A general procedure for implementing this invention will be illustrated by the following example. In the manufacture of a hot dip galvanized steel sheet, rolls are submerged in a molten zinc bath to guide the steel sheet through the bath in a particular manner. Since molten zinc is a very corrosive medium, the rolls are presently fabricated using expensive alloys such as special stainless steels. The useful life of such rolls are relatively short, about 5 to 20 days, before they are excessively damaged by the molten zinc bath. In addition, the reaction products produced therefrom have the detrimental effect of marking the steel sheet. Resorting to an alumina coating on a plain carbon steel roll would not only prevent the marking of the steel sheet since alumina does not react with zinc, but would also reduce both the initial cost and maintenance costs of the roll. However, without a means of sealing the porous coating and increasing its bond strength, the coating spalls due to thermal fatigue, and reaction of the zinc vapor with the carbon steel substrate occurs. Using the teaching of this invention, a mixture of 85 to 96% by weight of an iron-chromium alloy iron, 20% chromium) and 4 to 15% by weight aluminum could be simultaneously plasma-deposited on the carbon steel roll and then over-coated with alumina by conventional techniques. The coated rolls could then be heat treated at a temperature between about 700C. and about 900C. in a hydrogen or argon atmosphere for a sufficient time period, about 4 to 20 hours, to allow reaction/diffusion of the components of the undercoat to seal the coating and form an essentially homogeneous alloy undercoat. This alloy, however, would not be completely resistant to attack by molten zinc since segmented areas of the alloy would be exposed to the exterior through the porosity of the primary alumina coating. To remedy this situation, the coated roll could be oxidized in an air atmosphere at a temperature of between about 700C. and about 900C. for a sufficient time period, about 4 hours, to from an oxide layer on the exposed areas of the undercoat. Since the oxide is not attacked by zinc. the coated roll is ideally suited for use in a molten zinc environment. Even though cracks. perpendicular to the surface of the substrate, may form in the alumina, the alumina will not spall from the undercoat due to the strong bond therebetween, and since the undercoat does not crack, the roll will be protected from attack by the zinc vapors. In some applications, it may be essential that only the aluminum in the undercoat be oxidized. To accomplish this requirement, the oxidation step should be performed in an atmosphere containing a partial pressure of oxygen, such oxygen being present only in an amount that would be sufficient to substantially oxidize the aluminum in the alloy, but not sufficient to effectively oxidize the iron or chromium.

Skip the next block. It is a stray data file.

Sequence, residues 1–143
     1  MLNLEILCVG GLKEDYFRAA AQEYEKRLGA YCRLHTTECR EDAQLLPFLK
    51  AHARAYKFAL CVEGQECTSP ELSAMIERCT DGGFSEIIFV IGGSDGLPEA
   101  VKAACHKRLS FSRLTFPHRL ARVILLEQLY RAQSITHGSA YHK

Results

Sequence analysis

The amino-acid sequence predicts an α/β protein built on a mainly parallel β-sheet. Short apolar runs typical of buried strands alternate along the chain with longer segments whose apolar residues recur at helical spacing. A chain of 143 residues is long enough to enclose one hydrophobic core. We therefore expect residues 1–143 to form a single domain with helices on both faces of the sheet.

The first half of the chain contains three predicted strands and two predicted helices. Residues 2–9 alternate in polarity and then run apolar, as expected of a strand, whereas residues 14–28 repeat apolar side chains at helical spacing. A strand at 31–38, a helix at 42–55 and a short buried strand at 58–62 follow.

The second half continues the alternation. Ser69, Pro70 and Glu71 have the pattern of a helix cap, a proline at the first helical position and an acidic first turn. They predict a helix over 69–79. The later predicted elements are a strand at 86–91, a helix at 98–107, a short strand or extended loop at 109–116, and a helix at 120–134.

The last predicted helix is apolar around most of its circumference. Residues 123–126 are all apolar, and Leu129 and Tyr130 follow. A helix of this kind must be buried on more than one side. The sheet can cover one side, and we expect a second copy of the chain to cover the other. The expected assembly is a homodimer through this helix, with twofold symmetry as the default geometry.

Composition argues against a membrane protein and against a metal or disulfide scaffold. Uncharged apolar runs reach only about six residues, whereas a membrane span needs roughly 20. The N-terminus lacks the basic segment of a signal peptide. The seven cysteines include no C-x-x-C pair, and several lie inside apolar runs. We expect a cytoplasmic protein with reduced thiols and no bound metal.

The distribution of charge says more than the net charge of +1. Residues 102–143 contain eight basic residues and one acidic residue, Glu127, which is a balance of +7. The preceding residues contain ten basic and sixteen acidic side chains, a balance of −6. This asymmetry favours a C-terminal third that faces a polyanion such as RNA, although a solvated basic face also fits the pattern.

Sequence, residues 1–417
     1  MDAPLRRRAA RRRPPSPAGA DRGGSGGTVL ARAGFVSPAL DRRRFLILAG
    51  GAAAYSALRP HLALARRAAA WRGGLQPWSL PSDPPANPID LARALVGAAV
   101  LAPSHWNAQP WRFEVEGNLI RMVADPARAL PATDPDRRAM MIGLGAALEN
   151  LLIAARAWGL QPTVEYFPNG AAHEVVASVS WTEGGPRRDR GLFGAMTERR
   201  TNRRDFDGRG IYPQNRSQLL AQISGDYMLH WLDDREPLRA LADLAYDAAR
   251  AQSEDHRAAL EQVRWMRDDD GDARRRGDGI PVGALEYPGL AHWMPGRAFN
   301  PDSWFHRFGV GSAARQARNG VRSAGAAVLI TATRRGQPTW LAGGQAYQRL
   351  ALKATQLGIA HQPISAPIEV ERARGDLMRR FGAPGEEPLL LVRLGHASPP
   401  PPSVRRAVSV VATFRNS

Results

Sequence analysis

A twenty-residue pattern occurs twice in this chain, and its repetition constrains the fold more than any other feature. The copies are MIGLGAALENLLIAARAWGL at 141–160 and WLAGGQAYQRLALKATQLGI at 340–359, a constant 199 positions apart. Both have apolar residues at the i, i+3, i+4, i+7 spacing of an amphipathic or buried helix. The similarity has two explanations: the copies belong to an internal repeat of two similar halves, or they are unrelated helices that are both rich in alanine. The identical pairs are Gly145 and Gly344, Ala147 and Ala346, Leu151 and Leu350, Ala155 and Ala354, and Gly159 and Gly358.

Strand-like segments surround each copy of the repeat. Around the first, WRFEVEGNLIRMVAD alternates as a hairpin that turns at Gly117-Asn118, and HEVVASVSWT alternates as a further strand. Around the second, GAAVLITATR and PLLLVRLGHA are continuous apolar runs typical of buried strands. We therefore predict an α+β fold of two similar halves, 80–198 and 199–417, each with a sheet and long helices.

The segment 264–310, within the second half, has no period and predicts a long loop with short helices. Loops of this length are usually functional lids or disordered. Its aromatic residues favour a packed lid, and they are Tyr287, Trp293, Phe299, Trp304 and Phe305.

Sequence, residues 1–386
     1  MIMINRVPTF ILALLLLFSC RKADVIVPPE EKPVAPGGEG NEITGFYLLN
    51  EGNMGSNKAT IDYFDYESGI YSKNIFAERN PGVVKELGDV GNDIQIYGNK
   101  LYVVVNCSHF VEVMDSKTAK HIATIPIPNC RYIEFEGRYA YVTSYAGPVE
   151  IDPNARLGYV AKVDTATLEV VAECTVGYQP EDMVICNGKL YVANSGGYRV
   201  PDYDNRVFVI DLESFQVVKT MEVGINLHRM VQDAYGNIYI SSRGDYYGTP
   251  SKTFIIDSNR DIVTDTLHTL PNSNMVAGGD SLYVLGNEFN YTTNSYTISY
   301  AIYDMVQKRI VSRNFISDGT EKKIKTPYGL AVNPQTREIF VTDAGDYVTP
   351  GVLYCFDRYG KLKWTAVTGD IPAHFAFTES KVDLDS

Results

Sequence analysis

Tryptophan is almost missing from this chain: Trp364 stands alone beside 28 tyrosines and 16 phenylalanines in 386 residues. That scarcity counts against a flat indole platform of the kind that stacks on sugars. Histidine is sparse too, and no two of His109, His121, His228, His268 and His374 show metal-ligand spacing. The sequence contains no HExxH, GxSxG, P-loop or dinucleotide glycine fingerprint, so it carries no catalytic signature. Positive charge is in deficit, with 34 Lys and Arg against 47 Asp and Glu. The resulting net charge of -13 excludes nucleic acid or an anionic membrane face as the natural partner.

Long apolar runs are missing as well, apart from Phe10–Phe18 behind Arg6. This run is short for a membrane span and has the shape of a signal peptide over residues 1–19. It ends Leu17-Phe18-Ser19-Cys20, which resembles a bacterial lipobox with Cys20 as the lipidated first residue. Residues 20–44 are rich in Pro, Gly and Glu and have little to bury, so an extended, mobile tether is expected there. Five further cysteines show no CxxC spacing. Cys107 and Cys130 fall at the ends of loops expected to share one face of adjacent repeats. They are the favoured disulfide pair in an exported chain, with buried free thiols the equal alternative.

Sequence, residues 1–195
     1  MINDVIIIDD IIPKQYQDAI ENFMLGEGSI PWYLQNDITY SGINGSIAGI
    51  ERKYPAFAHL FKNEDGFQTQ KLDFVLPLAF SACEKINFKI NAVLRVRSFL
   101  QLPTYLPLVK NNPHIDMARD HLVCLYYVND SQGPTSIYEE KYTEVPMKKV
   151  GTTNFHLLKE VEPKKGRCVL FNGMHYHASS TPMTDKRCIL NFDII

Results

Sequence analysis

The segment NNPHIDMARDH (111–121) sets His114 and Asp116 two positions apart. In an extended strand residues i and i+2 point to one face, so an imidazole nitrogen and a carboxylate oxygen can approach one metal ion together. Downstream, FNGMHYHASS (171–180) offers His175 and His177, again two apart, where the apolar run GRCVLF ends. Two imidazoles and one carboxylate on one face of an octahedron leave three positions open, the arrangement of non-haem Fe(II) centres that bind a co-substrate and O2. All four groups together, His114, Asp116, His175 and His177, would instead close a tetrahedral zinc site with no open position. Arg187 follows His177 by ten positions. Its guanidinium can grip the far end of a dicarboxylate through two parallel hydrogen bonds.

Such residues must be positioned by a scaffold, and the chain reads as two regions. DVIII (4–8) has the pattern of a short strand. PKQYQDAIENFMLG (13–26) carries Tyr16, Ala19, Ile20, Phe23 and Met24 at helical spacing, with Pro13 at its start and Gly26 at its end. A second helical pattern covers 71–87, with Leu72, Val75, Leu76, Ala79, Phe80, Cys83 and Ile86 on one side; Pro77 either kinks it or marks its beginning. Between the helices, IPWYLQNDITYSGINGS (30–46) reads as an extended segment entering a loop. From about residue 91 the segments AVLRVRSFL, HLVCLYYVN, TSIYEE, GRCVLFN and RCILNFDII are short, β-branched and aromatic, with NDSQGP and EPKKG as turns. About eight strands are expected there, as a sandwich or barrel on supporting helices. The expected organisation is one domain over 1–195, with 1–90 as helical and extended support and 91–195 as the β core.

It is also within the purview of this invention to have the undercoat layer heat treated prior to depositing the primary layer. Thus, after reaction/diffusion has occurred in the undercoat layer, the primary layer may be deposited by any conventional technique to produce a duplex coating having excellent corrosion resistant characteristics.